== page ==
This is intended for people interested in the subject of military guns and their ammunition, with emphasis on automatic weapons.
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The "complete" story as told by Col. Hatcher:
At this time we had on hand about two billion of the war-time .30-'06 cartridges, and as ammunition is perishable, the policy was to use up the oldest ammunition first, keeping the newer for war reserve.
Thus the shooters on Army, National Guard and Civilian rifle ranges had to use the old war time stuff, while wishing for the happy day to come when they could get some of the good new ammunition [the M1] to use.
Finally about 1936 that wished-for day arrived, and with it trouble of an unexpected sort. The new ammunition had so much longer range and carrying power that it began to shout beyond the
previous danger zones of the existing ranges. The National Guard Bureau then requested the War Department to make up some ammunition like the old 1906, to use on the restricted ranges, and the order was given to make up 10,000,000 rounds of it.
This short range ammunition was made as much like the 1906 as possible. It had a 150 grain flat base bullet, but the jacket was of course made of gilding metal instead of the old cupro-nickel. It was,
however, colored to look like the 1906 by the use of a stannic stain, so it could be de distinguished from the M 1. The ogive was of the same shape as the M 1, and differed a bit from the shape of the 1906, but the difference was so slight as to be imperceptible.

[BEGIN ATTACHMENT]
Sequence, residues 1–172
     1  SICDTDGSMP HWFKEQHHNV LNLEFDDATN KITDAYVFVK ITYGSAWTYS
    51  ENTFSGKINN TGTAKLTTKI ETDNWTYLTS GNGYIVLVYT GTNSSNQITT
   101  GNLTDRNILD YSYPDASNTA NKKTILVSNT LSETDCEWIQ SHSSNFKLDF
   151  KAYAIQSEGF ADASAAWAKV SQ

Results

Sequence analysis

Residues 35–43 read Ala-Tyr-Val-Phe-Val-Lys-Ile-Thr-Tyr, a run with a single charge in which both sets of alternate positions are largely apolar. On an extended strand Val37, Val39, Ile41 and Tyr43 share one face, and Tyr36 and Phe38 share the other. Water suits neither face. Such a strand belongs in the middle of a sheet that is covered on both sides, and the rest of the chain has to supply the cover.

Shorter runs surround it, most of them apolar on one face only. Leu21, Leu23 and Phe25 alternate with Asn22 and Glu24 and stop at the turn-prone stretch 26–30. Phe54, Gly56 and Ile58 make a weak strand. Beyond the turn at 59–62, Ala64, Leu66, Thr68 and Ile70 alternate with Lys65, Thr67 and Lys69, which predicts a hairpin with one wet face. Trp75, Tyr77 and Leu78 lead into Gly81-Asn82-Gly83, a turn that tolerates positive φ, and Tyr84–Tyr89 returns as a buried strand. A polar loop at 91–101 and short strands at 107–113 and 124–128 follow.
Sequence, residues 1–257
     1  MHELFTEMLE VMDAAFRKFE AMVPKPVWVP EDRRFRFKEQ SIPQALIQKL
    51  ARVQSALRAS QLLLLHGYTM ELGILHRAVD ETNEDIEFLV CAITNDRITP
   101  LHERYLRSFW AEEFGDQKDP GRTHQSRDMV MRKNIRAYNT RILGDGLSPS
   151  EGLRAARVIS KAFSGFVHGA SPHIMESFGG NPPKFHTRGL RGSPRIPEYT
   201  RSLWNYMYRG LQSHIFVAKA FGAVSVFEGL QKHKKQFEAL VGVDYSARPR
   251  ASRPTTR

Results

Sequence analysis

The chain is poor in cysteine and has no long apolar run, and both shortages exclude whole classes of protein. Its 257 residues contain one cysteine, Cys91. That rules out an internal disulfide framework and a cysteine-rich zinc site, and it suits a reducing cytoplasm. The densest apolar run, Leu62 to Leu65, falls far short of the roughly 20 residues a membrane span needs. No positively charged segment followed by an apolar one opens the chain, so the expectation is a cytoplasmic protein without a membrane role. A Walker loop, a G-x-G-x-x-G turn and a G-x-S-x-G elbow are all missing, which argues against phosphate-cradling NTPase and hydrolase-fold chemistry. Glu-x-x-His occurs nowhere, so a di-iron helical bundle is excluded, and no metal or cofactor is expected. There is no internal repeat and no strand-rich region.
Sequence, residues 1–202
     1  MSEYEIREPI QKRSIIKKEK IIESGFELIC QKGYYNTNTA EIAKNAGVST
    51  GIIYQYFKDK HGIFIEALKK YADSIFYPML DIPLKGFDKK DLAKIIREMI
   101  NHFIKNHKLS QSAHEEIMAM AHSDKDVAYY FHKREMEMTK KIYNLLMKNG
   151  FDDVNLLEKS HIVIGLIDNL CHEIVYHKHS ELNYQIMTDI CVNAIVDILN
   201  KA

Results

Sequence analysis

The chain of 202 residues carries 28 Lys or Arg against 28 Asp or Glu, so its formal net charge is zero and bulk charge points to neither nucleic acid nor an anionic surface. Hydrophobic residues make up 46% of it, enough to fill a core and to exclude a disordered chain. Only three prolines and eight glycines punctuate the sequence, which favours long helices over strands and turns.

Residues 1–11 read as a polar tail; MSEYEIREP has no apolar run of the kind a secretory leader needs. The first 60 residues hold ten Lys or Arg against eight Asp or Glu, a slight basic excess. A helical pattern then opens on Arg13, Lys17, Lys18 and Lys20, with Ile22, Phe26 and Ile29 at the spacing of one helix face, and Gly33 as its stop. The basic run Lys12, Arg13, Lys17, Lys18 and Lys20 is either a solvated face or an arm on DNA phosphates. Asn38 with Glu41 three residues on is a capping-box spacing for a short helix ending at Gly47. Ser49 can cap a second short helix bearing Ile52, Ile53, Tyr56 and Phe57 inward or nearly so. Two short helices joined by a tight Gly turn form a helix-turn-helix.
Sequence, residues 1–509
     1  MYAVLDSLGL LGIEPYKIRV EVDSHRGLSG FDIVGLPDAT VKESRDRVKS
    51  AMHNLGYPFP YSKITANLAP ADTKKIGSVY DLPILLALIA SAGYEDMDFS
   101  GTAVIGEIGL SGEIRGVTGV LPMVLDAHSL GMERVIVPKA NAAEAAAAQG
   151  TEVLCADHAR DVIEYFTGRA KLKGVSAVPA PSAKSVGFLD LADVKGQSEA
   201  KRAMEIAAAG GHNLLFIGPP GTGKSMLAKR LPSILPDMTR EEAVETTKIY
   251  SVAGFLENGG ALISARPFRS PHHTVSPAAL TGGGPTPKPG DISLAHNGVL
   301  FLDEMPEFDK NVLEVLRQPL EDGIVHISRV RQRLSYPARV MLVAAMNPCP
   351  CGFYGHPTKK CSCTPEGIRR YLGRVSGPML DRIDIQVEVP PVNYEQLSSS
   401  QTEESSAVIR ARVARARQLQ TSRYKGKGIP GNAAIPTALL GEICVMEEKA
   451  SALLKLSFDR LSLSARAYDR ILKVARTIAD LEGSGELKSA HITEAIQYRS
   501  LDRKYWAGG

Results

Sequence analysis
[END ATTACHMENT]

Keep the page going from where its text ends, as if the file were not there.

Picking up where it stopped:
Some of this ammunition reached the Service Boards. which by now had lost all of the old World War I machine gunners who so keenly felt the inadequacy of our ammunition in 1918. Our soldiers liked the lessened recoil of the new ammunition. More rounds could be carried for the same weight, etc., so the suggestion was made and carried through that it should be substituted for the M 1. In 1940 this ammunition with some slight further changes, was standardized as Cartridge, Ball, Caliber .30 M 2.
Remember that Gal. MacArthur rejected the choice of the .276 Pedersen for the Garand M1 because of the existing stock of .30-06 Mle1906 ammo, a stock that was already depleted by the time the Garand M1 was standardized in 1936...
M2 is not the same thing as M1906. The only thing they share in common is the projectile shape and lead core. Everything else is different.
The MacArthur story is a little oversimplified. He carried over the recommendation of the Ordnance Board, which was convinced by the existence of the ZH-29 and T1 Garand that a .30 caliber selfloading rifle light enough to meet their requirements could in fact be developed. The .276 cal's raison d'etre was entirely to allow a semiautomatic rifle to be made light enough for service use (9.5 lbs or less). With it being shown by 1930 that .30 cal selfloaders this light were possible, the need for the .276 evaporated, along with the challenges it presented. Keep in mind, at this time the US had entered the Great Depression, so there was no money for anything, let alone to retool every weapon for this new caliber.